2. Use four good quality spool of serger thread (good quality sewing thread is fine also) and place them on the spool or cone holders. There should be "little bucket looking things" that fit onto the cone pins to make the cones sit nice and straight, use them. Rattling thread will cause grief.
3. The first thread to be loaded onto the serger is the Upper Looper ...it is the big needle looking thing that swings left to right and back again above the sewing surface. Follow all the threading guided according to your manual, the threading guides are generally coded in a colour specific for this looper. Once the eye of the Upper Looper is threaded, place the thread under the presser foot and to the left. Presser foot down.
4. Next is the Lower Looper, the big needle looking thing that swings left to right and back again under the sewing surface. It can be a bit tricky in some sergers as the thread need to pass to the left and then back to the right under the sewing surface. Your manual should have a good diagram if you can not follow the threading guides on the serger itself. Again the threading guides are generally colour coded with a different colour but specific for the Lower Looper. Once the looper is threaded, it is important that the thread is placed directly OVER the Upper Looper as it comes out of the eye of the Lower Looper. Place the thread now under the presser foot and to the left. Presser foot down.
5. Thread the right needle front to back and place the thread under the presser foot and to the left. Presser foot down.
6 Thread the left needle front to back and place the thread under the presser foot and to the left. Presser foot down.
7. Hold the four thread ends firmly in the left hand and give each thread individually a good pull down over the serger and behind, this will ensure that the threads are all engaged in the tension dials.
8. Set the tensions to the middle number, although this may vary with the brand and model of your serger. If you have the manual check for the correct settings specific to your unit.
9. Set differential to 'normal', or '0' (if your unit has one)
10. Set stitch length to about 2 1/2 to 3.
11. Make sure that the blade is in cutting position. We can trouble shoot blade position later if needed.
12. Make sure that you have the overlocking plate installed ... not the rolled hem plate (if your serger has two plates). Some sergers use the same plate for both functions.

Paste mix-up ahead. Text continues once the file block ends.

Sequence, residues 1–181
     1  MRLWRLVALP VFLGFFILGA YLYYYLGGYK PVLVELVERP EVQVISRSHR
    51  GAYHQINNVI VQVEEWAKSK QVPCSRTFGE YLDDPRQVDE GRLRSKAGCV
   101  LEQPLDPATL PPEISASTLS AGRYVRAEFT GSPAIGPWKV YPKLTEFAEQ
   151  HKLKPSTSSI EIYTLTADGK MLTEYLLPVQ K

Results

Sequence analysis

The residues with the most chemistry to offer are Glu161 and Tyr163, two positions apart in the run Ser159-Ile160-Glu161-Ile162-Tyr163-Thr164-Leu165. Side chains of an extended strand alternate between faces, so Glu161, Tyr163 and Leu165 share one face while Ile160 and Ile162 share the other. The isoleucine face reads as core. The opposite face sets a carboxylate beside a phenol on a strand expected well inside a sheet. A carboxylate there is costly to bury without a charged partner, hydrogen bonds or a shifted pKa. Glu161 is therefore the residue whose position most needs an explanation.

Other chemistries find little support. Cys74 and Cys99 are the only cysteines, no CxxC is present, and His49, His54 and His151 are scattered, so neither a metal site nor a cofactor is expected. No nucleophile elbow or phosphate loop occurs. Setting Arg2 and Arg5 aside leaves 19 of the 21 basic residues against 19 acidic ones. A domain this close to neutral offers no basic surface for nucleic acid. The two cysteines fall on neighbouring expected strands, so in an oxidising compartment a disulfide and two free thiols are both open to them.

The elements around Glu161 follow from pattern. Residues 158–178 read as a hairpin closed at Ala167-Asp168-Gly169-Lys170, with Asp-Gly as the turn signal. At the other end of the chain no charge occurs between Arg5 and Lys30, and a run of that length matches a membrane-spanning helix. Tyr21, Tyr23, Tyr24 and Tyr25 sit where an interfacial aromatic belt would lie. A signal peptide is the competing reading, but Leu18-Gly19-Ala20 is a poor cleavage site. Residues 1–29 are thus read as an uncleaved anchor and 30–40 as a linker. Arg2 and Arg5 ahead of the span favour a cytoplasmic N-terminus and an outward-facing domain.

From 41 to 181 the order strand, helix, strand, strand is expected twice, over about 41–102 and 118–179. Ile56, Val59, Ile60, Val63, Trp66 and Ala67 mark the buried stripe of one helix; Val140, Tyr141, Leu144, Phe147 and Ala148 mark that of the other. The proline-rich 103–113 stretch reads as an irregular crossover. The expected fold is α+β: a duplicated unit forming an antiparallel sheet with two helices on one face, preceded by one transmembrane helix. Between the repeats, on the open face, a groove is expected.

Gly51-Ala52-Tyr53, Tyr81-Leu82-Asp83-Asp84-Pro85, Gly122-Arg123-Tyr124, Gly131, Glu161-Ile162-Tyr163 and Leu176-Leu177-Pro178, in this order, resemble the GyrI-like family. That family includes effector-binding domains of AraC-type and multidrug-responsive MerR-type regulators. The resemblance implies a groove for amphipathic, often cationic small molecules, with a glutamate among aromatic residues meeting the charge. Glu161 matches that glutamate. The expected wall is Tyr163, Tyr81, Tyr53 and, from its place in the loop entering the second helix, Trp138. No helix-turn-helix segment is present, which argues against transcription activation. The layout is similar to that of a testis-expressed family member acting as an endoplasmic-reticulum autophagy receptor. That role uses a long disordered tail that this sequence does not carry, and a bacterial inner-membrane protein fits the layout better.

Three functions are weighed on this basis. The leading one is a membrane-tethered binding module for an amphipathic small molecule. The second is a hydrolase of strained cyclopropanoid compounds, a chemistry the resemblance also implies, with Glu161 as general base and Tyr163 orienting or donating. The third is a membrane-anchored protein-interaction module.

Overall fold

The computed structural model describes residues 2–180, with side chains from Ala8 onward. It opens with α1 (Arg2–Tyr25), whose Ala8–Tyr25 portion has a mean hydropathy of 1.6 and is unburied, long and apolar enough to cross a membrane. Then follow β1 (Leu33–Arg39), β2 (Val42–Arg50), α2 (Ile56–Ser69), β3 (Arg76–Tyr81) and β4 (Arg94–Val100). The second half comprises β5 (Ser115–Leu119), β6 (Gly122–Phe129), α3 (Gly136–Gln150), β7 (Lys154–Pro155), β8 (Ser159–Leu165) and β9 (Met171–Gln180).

13. Using two layers of medium weight fabric do a test stitch, what is the result? Is a chain forming? Are there stitches on the fabric? Are they looking the way they should?
Hopefully this has helped you, please let me know.
Cheers.

Sep 01, 2014 | Sewing Machines

1 Answer

Jukie serger skipping stitches


have you tried changing the needles?
if you have changed the needles & it's still skipping stitches the serger needs to be serviced

Apr 16, 2012 | Sewing Machines

1 Answer

I just changed my Kenmore serger's needle and it stopped making the overlock stitch. I rethreaded the machine twice and make sure the position of the needles is correct but it didn't help


Hi

If you have the operators manual for this serger, you should be able to follow the threading from the start successfully. Some machines have a better threading diagram on the machine itself.

The needles should have the groove facing the operator's position. They should also be fully inserted in their mounts. Most sergers do not release the thread tensions when the presser foot is raised, therefore, you must zero the tensions to make sure the threads are fully entered into the tensioners when threading anew. After threading, you must readjust your thread tensions to the desired tensions for the set-up you plan to use. Thread tensions should be recorded for each stitch set-up because each serger tends to be a bit different, and therefore, allows you to quickly adjust for the desired stitch needed. The different stitches are adjust and fine tuned by each individual thread tension.

Hope this helps
Ray

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1 Answer

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That stitch is called a coverhem or a coverstitch. It is made with a coverhem machine which is basically a serger with an orbiting looper. Many upper end home sergers have coverstitch capabilities (Elna 945)

To use a double needle, simply thread two threads the same way that you would thread one. ONLY USE A STRAIGHT STITCH, AS THE NEEDLE WILL STRIKE THE PLATE IF IT ZIG ZAGS TOO WIDE.

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2 Answers

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With some sergers, but not many (singer 14u64 comes to mind), the top of the stitch will be an overedge that mates with the right needle thread, and the left needle thread will appear as a separate straight stitch. When you look at the underside of the stitch, the overedge will go all the way over to the left needle (the full width of the stitch). This is normal if you have this type of machine. Another stitch some sergers do (2/4 thread sergers) is a 2 thread chain thal looks like a lone straight stitch on both sides, and a 2 thread separate overedge.

As far as the threading of the takeup, it totally depends on your model. Always post your model number when you have questions as sergers vary greatly in design.